But the good news is that leaky gut syndrome can be reversed and it’s why I have a module on Gut Health in the 12 week programmes. If women are going to get on top of their menopause symptoms and/or weight, then they need to have a bit of a focus on their gut health.
Dietary factors can reverse intestinal leakiness and mucosal damage in “stress” disorders (Camilleri, 2019) and I share some of these with you below.
4 Ways to Heal Your Leaky Gut:
- Stop Eating Earlier in the Evening! Your gut operates on a 24 hr circadian cycle. Much of our absorption of nutrients occurs overnight when the body is resting. But this is also when the gut motility slows down, so if you want to heal your gut, then stop eating earlier in the evening so the food has time to be digested and absorbed.
- Increase Vitamin C Intake. It’s only been since 2015, that researchers have begun to understand that oestrogen has a role in helping the gut epithelium or lining to turn over cells regularly. So, as we move through menopause, and oestrogen levels are naturally declining, then it makes sense that this is a vulnerable time for our gut health. Vitamin C helps the gut lining to heal.
- Fibre and Fermented Foods Help your Gut to Heal: The diet strongly influences the functions of the gut as well as the trillions of microbes that reside into the intestines. Studies have shown that dietary components can significantly alter gastrointestinal functions, either in a harmful or helpful way. Among carbohydrates, dietary fibres are recommended for anti-inflammation properties and intestinal barrier regulation. (Aleman et al, 2023).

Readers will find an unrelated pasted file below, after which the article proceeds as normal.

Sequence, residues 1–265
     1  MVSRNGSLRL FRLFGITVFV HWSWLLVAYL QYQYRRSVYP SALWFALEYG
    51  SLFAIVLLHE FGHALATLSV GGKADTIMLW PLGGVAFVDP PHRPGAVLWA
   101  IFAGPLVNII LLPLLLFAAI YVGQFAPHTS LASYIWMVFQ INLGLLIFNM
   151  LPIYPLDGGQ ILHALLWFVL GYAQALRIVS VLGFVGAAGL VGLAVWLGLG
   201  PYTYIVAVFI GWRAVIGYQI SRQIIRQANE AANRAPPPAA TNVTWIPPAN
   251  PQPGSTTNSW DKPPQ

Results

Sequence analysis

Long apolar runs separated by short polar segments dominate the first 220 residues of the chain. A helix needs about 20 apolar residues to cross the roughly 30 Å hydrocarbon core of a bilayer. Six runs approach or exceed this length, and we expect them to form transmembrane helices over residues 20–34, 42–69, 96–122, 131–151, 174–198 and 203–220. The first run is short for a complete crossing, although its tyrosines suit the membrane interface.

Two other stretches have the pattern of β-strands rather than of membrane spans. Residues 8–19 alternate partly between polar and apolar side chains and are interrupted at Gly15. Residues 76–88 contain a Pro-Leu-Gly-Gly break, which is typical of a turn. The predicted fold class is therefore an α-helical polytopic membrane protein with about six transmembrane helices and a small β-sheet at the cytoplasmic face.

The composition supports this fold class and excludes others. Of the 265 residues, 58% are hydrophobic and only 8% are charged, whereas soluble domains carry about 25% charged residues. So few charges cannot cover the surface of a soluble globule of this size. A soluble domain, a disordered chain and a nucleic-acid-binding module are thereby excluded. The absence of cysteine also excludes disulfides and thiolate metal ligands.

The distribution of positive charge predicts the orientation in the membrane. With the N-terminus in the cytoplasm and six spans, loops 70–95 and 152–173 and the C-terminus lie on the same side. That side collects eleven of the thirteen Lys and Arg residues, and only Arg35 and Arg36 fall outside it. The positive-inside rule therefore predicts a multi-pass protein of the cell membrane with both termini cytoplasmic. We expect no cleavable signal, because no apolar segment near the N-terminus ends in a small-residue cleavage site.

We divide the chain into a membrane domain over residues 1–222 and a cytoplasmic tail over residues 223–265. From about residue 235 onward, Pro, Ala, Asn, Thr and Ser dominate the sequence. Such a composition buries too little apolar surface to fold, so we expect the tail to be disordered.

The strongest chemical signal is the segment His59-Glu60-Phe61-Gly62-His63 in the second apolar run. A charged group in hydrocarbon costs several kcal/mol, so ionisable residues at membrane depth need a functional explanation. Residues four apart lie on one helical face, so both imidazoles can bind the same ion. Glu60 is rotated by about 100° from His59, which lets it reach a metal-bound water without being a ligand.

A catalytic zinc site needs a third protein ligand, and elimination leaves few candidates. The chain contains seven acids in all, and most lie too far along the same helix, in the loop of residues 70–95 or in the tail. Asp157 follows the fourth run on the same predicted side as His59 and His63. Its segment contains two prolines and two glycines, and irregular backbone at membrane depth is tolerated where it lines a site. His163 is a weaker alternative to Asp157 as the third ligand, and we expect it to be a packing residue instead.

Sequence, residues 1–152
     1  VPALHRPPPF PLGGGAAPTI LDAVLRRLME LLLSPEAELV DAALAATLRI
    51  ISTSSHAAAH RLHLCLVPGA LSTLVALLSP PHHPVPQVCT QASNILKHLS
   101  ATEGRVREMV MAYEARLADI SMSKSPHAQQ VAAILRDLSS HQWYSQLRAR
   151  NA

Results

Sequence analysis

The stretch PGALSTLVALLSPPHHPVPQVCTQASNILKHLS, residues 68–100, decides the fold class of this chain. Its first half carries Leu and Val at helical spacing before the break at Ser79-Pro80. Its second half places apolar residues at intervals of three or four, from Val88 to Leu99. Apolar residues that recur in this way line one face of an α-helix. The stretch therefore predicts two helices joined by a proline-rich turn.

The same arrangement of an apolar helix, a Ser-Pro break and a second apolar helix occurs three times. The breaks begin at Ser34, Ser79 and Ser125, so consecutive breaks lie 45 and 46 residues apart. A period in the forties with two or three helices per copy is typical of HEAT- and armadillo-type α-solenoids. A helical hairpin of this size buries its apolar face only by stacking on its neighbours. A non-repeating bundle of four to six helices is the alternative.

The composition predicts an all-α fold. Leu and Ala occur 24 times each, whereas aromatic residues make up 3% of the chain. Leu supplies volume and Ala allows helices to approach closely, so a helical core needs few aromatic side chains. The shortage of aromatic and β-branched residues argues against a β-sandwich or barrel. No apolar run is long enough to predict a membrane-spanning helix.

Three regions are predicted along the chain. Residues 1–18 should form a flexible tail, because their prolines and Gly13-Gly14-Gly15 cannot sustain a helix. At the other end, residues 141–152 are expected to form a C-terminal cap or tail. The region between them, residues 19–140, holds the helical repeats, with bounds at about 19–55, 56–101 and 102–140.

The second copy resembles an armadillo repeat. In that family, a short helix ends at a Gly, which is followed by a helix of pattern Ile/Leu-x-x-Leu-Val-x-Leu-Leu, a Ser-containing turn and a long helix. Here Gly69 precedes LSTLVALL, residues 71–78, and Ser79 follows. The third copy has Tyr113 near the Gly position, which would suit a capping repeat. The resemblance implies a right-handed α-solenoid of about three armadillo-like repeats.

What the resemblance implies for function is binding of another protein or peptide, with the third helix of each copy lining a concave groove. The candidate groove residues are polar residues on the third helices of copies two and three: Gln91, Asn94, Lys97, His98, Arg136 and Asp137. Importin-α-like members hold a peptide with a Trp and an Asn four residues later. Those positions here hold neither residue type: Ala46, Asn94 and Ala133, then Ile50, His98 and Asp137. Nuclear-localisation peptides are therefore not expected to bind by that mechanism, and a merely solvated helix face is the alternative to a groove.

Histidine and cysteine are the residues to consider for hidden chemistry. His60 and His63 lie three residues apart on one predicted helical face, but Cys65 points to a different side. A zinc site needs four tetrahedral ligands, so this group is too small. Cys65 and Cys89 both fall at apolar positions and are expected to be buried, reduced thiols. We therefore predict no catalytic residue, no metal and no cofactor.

Probiotics also help repair a leaky gut so adding yoghurt and kefir to your diet is also recommended. Research suggests that the main effects of probiotics are to do with the maintenance of the intestinal wall as well as in the regulation of the transit time of food through the intestines and in the production of short-chain fatty acids which assist in gut health.
- Monitor your Vitamin D levels. Both Vitamins A and D play critical functions in regulating gastrointestinal homeostasis but perhaps the vitamn that affects the female gut the most when levels are low, is Vitamin D. This is because low vitamin D levels impact the absorption of calcium through the gut wall. Vitamins A and D are necessary for the integrity of the epithelium and gut microbiota, They also modulate immune responses at different levels. (Aleman et al, 2023).
One of the main effects of oestrogen is to support our digestive health. In our monthly cycle, oestrogen is cycling up and down, and this meant that the higher levels of oestrogen helped our gut enzymes to work more efficiently.
Leaky Gut Syndrome leads to Irritable Bowel Syndrome, which in turn may impact numerous menopause symptoms – depression, anxiety, weight gain (or loss) and brain-fog, sore joints, hot flushes and of course, menopause insomnia. All these symptoms are affected by changing gut health.
Understanding this connection and then getting on top of it is crucial to your ongoing health during your menopause transition. It’s why, improving gut health is an important part of the world-class 12 week My Menopause Transformation programmes. I hope you can join me sometime.
Aleman RS, Moncada M, Aryana KJ. Leaky Gut and the Ingredients That Help Treat It: A Review. Molecules. 2023 Jan 7;28(2):619.
Camilleri M. Leaky gut: mechanisms, measurement and clinical implications in humans. Gut. 2019 Aug;68(8):1516-1526.
Lian P, Braber S, Garssen J, Wichers HJ, Folkerts G, Fink-Gremmels J, Varasteh S. Beyond Heat Stress: Intestinal Integrity Disruption and Mechanism-Based Intervention Strategies. Nutrients. 2020 Mar 11;12(3):734.
Ribeiro F., Petriz B., Marques G., Kamilla L., Franco O. (2021). Is There an Exercise-Intensity Threshold Capable of Avoiding the Leaky Gut? Frontiers in Nutrition, 8.